AFI #68: Unforgiven

I enjoy a good western, and Unforgiven is a good western. But in my opinion it’s not a great western, which is why I remember not loving it when it first came out in 1992 and also being very disappointed when it won the Oscar for best picture. Looking back at the list of nominees that year it’s clear now why I was upset — Unforgiven beat out two films I loved that year in The Crying Game and Scent of a Woman (hoo ha!).

But I’m actually quite glad I watched it again today. Maybe 20 years have given me some perspective. When the film came out a lot of reviewers lauded it for being the first realistic western, meaning it showed the ugly side of violence rather than glorifying it. Clint Eastwood made a hell of a living playing glorified cowboys and outlaws, so there is a sort of poetic justice here in him portraying the dark side of violence. His character, Will Munny, is not a hero. In fact, I’d argue he’s an anti-hero even though he avenged a brutalized woman. He didn’t do it for justice, rather he did it for money pure and simple. He also ran off on this ill-advised adventure leaving his young children home alone to fend for themselves — with no guarantee he’d ever return alive. That is no hero. The title I think could speak not to the fate of the cowboys who cut up a whore in a brothel, but rather to Munny who should be unforgiven for leaving his kids alone and putting himself at risk.

Unforgiven is dark, and unlike the traditional western you don’t feel a sense of justice at the end — you feel like the events of the film were a waste of energy and lives. Lots of people get killed, including some innocent bystanders and several lawmen. It portrays a west that is also unforgiving and hard, which is probably pretty realistic…at least more realistic than the classic western towns of films like High Noon and pretty much any John Wayne film. I guess that sets the film apart, but it doesn’t make it great and even though I liked it I wouldn’t call it great and I wouldn’t put it in the top 100 of all time.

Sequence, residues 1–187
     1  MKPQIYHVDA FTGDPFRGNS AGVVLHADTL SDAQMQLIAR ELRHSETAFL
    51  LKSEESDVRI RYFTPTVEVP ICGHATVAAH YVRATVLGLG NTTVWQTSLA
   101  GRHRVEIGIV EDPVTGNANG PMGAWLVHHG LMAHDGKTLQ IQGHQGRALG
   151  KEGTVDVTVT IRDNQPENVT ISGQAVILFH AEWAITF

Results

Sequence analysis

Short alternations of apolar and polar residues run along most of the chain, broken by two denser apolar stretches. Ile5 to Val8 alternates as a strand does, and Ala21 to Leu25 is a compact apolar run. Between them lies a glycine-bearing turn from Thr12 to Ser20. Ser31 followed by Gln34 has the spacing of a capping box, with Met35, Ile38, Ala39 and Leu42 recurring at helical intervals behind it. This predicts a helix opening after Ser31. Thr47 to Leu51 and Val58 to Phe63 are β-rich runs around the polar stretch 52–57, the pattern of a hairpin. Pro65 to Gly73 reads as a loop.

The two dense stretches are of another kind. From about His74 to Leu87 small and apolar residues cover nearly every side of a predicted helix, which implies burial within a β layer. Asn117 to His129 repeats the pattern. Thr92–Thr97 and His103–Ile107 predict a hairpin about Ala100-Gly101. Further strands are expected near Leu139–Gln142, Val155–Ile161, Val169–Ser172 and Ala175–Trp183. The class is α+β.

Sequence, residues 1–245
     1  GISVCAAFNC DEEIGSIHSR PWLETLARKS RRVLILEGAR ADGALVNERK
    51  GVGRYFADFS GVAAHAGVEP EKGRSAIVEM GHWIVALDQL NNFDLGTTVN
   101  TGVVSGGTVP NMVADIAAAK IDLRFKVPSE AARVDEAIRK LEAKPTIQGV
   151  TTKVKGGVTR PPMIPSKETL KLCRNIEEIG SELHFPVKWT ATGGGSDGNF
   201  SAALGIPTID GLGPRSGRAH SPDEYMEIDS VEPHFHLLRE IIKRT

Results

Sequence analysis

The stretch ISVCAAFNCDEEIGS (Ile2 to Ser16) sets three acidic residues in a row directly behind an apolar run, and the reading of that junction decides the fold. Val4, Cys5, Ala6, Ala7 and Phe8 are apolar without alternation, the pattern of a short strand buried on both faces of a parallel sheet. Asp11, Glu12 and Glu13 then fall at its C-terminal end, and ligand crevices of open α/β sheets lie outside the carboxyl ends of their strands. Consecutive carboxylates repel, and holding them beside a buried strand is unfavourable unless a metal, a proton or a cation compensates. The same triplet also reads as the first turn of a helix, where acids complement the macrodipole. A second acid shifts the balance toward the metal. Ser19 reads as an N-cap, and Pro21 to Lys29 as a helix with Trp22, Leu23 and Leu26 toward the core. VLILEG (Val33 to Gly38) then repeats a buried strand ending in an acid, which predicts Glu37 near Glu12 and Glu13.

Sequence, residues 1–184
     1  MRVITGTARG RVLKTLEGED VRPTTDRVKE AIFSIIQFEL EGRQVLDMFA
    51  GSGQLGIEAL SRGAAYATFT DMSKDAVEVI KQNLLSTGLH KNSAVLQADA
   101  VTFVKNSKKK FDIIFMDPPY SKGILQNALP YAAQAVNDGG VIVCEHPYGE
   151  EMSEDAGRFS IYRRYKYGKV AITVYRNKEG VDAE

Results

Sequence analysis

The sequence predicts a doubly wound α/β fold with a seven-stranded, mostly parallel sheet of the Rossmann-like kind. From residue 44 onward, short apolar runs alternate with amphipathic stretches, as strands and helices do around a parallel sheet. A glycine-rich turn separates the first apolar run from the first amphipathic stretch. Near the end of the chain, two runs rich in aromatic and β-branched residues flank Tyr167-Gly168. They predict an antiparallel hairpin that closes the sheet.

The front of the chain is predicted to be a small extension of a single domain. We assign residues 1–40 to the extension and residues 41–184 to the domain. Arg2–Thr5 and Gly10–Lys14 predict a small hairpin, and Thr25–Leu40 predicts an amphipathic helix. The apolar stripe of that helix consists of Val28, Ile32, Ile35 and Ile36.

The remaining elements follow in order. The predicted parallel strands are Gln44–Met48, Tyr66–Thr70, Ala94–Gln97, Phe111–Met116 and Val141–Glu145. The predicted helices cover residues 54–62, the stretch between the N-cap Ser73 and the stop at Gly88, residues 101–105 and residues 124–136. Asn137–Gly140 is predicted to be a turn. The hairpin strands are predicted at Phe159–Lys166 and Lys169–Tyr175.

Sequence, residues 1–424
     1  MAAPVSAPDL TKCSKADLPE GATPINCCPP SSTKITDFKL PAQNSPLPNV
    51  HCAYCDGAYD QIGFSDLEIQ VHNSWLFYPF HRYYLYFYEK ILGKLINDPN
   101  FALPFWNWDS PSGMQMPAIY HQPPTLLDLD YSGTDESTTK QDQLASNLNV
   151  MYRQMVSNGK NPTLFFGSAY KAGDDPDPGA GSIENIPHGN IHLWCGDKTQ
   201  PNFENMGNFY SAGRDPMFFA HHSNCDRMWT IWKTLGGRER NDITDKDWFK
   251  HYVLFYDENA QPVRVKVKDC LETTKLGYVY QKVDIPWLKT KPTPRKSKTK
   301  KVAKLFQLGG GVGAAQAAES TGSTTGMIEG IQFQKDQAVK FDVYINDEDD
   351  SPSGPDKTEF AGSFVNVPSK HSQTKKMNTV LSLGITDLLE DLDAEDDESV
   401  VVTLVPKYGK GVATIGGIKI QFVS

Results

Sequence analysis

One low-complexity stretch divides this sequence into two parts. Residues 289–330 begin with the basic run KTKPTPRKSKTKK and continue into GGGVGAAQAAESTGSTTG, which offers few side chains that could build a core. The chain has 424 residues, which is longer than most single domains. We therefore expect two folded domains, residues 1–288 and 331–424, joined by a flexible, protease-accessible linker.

One highlight was certainly Gene Hackman’s portrayal of sheriff Little Bill. Hackman won an Oscar for the role, and he was devilishly good. Eastwood was nominated for best actor but rightfully lost to Al Pacino for Scent of a Woman though my vote would have gone to Robert Downey Jr. for Chaplin or Denzel Washington for Malcolm X. All in all a great year for film!

Unforgiven also marked the beginning of Eastwood’s dark and introspective directing career. For me these past 20 years have been filled with ups and downs for Clint. I hated Million Dollar Baby and Bridges of Madison County, but loved what I’d call some of the best films of the past 20 years — Mystic River, Gran Torino, Changling and Letters From Iwo Jima to name a few. He is undoubtedly one of the best filmmakers of our time.

Next on the AFI list: Who’s Afraid of Virginia Woolf

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